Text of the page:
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Monfredo: Should Secondary School Starting Time be Moved Up?

Saturday, September 22, 2018

 

One of the “hot” topics discussed year after year in Worcester by the Standing Committee on Teaching Learning and Student Support has been whether the starting time on the secondary level can or should be changed.

Sleep deprivation among teens has become a major public health issue across the nation for research has shown that not enough sleep puts teens physical and physiological health at risk.  According to studies lack of adequate sleep can result in memory impairment, poor academy performance and decision making, moodiness and aggression, anxiety, and even more car accidents.

Since the 1990s, sleep researchers and other health professionals have been telling us that these early school hours are harming children. It's not just the numbers of hours of sleep, but also the timing of sleep that is required for optimal health. Sleep deprivation's impacts include: weight gain and eating disorders and increased risk of obesity, cardiovascular problems, and diabetes; reduced immunity; depression; anxiety; substance abuse; mood swings; behavior problems; suicidal ideation; and potential impacts on brain development.

Again, from 2000 to 2018 more and more research gave the same results. In Worcester during the early 2000’s School Committee member Brian O’Connell brought psychologist and professor at the College of Holy Cross Dr. Amy Wolfson to a sub-committee meeting to discuss her findings about this topic.  Dr. Wolfson’s research found in a Worcester survey with more with than 3000 students that students getting low marks obtained about 25 minutes less sleep and went to bed 40 minutes later than students who reported they were getting A’s and B’s.

In summary, the data shows a positive relationship between starting time and academic performance. The evidence points out that adolescents need more sleep and the effects of sleep deprivation have had a negative effect on their learning capabilities.

The American Academy of Pediatrics in 2014 stated that there are multiple factors, "including biological changes in sleep associated with puberty, lifestyle choices, and academic demands, negatively impact teens' ability to get enough sleep, and pushing back school start times is key to helping them achieve optimal levels of sleep – 8½ to 9½ hours a night.”

 Judith Owens, director of sleep medicine at Children's National Medical Center in Washington, D.C., and lead author of the American Academy of Pediatrics also stated, “Chronic sleep loss in  adolescents "can, without hyperbole, really be called a public health crisis.”

In the past several years' many schools around the country have pushed back the school starting time such as the city of Seattle after receiving a great deal of community input.  In addition, more school districts around the U.S. are heeding the advice of scientists who have long said that expecting teens to show up to class early isn't good for their health or their report cards.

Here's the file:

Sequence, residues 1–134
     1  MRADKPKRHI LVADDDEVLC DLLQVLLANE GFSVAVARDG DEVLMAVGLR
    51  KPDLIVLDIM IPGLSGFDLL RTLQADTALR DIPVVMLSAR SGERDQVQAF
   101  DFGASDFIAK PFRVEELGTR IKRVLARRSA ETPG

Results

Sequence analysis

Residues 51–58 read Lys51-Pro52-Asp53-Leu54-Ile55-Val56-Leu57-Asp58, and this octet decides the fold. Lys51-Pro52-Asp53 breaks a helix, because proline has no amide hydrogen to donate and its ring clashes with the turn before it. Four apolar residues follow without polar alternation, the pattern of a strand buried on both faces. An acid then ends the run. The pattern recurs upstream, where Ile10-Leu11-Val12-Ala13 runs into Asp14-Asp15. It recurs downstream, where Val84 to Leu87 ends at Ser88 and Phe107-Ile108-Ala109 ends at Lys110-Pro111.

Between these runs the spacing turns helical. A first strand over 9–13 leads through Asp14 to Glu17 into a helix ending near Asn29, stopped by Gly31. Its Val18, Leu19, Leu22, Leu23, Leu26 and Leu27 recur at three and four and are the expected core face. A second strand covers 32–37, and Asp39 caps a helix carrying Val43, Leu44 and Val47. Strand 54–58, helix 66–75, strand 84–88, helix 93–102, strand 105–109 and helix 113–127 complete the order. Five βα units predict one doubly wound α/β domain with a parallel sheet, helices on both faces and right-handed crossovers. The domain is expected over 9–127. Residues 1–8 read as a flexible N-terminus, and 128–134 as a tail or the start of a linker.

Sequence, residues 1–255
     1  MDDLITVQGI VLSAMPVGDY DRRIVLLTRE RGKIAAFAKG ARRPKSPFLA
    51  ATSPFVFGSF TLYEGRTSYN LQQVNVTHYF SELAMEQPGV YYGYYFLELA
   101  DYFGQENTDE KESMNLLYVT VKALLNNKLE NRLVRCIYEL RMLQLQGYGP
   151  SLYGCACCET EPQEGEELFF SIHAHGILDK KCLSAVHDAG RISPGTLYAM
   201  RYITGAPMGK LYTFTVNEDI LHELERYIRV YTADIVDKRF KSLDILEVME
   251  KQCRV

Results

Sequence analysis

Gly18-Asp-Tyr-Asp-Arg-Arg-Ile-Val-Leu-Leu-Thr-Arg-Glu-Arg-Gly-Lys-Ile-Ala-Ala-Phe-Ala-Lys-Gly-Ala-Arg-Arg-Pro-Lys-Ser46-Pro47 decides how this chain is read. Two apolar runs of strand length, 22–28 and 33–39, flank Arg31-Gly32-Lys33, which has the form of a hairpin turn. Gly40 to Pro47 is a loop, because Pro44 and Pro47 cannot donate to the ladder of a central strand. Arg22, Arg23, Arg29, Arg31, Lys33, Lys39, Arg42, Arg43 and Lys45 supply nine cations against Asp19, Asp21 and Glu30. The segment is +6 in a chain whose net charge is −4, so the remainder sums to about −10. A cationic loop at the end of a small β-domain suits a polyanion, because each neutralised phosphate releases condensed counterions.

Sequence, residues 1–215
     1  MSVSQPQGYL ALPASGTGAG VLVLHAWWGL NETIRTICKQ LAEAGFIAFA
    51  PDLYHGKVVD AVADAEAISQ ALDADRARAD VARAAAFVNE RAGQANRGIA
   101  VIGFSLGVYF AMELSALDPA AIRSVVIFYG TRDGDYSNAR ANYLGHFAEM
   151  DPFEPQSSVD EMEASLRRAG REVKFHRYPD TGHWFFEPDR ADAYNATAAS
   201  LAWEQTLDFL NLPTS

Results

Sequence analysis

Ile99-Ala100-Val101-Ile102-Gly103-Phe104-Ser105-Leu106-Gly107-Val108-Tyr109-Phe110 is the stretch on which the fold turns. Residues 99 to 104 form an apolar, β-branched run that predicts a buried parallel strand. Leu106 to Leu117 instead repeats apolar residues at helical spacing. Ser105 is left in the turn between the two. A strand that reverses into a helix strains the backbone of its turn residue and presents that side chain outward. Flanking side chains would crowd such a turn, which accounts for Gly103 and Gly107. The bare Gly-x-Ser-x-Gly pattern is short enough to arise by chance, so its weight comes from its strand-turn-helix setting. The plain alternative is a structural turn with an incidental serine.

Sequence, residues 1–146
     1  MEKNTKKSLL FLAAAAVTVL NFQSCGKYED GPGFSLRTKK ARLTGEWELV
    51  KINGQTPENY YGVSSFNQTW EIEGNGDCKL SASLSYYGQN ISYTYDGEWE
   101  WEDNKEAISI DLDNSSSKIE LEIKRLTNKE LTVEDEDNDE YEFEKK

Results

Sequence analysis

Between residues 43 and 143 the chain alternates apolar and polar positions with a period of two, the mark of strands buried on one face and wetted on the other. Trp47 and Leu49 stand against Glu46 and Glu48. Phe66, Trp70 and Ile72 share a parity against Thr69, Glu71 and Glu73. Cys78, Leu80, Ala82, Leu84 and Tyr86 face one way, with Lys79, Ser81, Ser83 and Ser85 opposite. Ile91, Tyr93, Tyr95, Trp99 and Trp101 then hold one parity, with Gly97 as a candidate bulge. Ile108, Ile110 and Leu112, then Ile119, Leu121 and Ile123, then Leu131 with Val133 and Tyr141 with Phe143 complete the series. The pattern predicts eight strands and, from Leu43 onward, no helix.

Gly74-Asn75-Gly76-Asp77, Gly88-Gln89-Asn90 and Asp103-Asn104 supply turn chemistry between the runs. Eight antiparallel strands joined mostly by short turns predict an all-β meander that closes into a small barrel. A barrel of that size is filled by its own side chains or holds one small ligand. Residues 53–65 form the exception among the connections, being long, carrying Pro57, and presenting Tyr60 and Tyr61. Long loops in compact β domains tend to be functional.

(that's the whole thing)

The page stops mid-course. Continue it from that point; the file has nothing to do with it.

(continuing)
Hundreds of school communities across the USA - and beyond finally have found ways to make this happen by prioritizing health and learning. These districts looked at the science of what's best for the students and made the change accordingly. Many of these districts are seeing large and small benefits to physical and mental heath, learning, attendance, graduation rates, car crashes, and overall student well-being.

So based on all the research in the past twenty years why aren’t more districts not changing their starting time?  It’s the same reasons that were articulated at the standing committee meetings in our city … disruption in child care, for in many cases older children care for younger children when they get out of school or even before school, the challenge of coordinating interscholastic activities and sports with other districts, students with after-school jobs and the biggest reason is the financial aspect of what it would cost in transportation. Many of the high schools start their day at 7:20 a.m. Thus, in an attempt to save money on transportation can all the times within our district be moved up 30 minutes?  It’s something to think about and explore?

Once again we as a community need to make healthy policy decisions for all students.  Is it possible that these problems can be worked out? We know the benefits from the research but at the moment we are stuck in neutral.   Let’s look at the obstacles and see if they can be solved.   I’d like to see administration come up with some alternatives or at best start a pilot program at one high school and see how it works. Let’s examine our options and not just sweep the item under the rug or do what we have done for the last fourteen years – ignore the problem.

I encourage feedback from our readers, especially those who have children in our schools or have had their child graduate recently from high school… e-mail me at [email protected].  Community input is most important if we are to resolve this problem.  I look forward to your suggestions, pro or con, on this issue.

 

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